Chloe Kalas

Fort St. John couple Liz and Paul Kalas were understandably taken aback by the number of medical and child development specialists who came into their lives in the first weeks after their daughter Chloe was born.

 

First on the scene were the doctors who kept Chloe alive after she was born with serious health challenges in November 2011.

 

Then came the lactation consultant to help with Chloe’s feeding problems. Then an infant development worker from the Early Intervention Program. Then an audiologist when it became clear that the infant had hearing problems. Then a pediatrician, and a speech pathologist.

 

“And this was all before she was even three months old,” recalls Liz of that traumatic period. “She started getting physical therapy as well not long after that. It wasn’t until she was 18 months old that we knew she had lost all of her hearing, and they had discovered that both myself and my husband had the recessive gene for Pendred Syndrome.”

 

Pendred Syndrome is a genetic disorder that affects the thyroid gland and causes hearing loss due to changes in the inner ear. While the months leading up to Chloe’s diagnosis were extremely stressful, Liz is deeply grateful that the Fort St. John Child Development Centre was there for the family throughout it all.

“Anyone can self-refer to the child development centre for services if you think your child is not where he or she should be. It’s a really amazing thing,” says Liz.  “You can just go there and someone helps you, plus they know about where to find funding and other support.”

 

Chloe is four now and a bundle of energy at her preschool, which is also operated by the child development centre. “If it wasn’t for support of the child development centre, our family would have had to move to a bigger centre,” says Liz.

But she notes that the speech pathologist has a caseload of 200 children and can only see Chloe once a week. The family has growing concerns that Chloe may have other developmental delays unrelated to her hearing loss, but face a 16-hour drive to Vancouver for additional services.

 

The child development centre has been a support for the entire family. Staff helped the family find an on-line signing coach through the B.C. Family Hearing Resource Centre, which also gave signing lessons to Chloe’s preschool class. They supported the family through the stressful 10-hour surgery for cochlear implants that Chloe had at B.C. Children’s Hospital when she was two.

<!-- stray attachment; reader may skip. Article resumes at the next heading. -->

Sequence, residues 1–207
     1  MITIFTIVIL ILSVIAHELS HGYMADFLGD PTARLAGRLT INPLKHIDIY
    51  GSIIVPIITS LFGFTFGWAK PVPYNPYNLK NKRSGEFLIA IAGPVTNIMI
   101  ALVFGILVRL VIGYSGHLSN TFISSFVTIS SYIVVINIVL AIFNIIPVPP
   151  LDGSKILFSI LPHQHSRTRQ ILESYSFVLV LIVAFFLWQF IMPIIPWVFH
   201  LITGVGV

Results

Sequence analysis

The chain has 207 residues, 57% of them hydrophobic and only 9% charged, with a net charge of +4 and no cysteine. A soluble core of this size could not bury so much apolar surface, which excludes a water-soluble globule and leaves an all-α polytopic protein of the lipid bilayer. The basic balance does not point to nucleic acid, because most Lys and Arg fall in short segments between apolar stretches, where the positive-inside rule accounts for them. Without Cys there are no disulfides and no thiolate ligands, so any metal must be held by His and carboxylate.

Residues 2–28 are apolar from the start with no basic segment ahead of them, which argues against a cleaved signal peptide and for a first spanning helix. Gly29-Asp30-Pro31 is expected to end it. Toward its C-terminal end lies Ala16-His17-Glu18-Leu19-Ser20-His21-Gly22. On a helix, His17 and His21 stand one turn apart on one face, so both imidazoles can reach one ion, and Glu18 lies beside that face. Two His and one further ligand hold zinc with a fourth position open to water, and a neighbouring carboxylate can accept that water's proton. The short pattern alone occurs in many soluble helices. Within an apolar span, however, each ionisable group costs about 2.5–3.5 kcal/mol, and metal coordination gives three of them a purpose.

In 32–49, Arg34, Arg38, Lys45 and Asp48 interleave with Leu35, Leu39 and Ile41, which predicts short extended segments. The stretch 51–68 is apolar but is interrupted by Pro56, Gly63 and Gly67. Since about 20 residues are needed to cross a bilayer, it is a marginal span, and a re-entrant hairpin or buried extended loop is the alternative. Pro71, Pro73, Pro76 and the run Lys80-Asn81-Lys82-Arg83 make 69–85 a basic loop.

And now Chloe’s younger sister Elise is getting some help with a crooked foot that the therapists spotted in the course of monitoring the younger sibling for hearing loss. (The two-year-old hasn’t shown any sign of hearing difficulties so far.)

“Nobody plans on having a special-needs child. It was a complete surprise to me,” says Liz. “None of what went on for us after Chloe was born was the picture I had in my head.

 

“I did everything right in my pregnancy – vitamins, yoga, drug-free birth, all by the book. As a parent, you blame yourself, and while I didn’t realize it at the time, I was angry. You beat yourself up over how this has happened, and find 100 ways to blame yourself. I think the child development centre was a big help with all of that.”

 

As a teacher, Liz sees other children with special needs in her classroom “slip through the cracks,” and that makes her fearful about what the future holds for Chloe. But the early interventions Chloe continues to receive in the all-important years between birth and age five are providing a vital foundation for her development.

 

Liz acknowledges that her attempts to give Chloe the best start sometimes made her forget in those early years that the little girl also needed just to be a child.

 

“I was so focused on therapies, sometimes I needed to be reminded that yes, Chloe needs those, but she’s also a baby. ‘You need to play with her,’” the therapists at the centre would remind me,” says Liz.

 

“And we did that, and it was wonderful. The staff at the centre would remind me that things were going to be OK - that Chloe would grow up and if there were problems, we would manage them.”

 

 

How you can help: Learn more about child development and early intervention in British Columbia at www.bcacdi.org, and the work of the Fort St. John Child Development Centre at www.cdcfsj.ca/. The centre is a member of the B.C. Association for Child Development and Intervention, which represents 30 agencies that deliver services to 15,000 children and youth.

 

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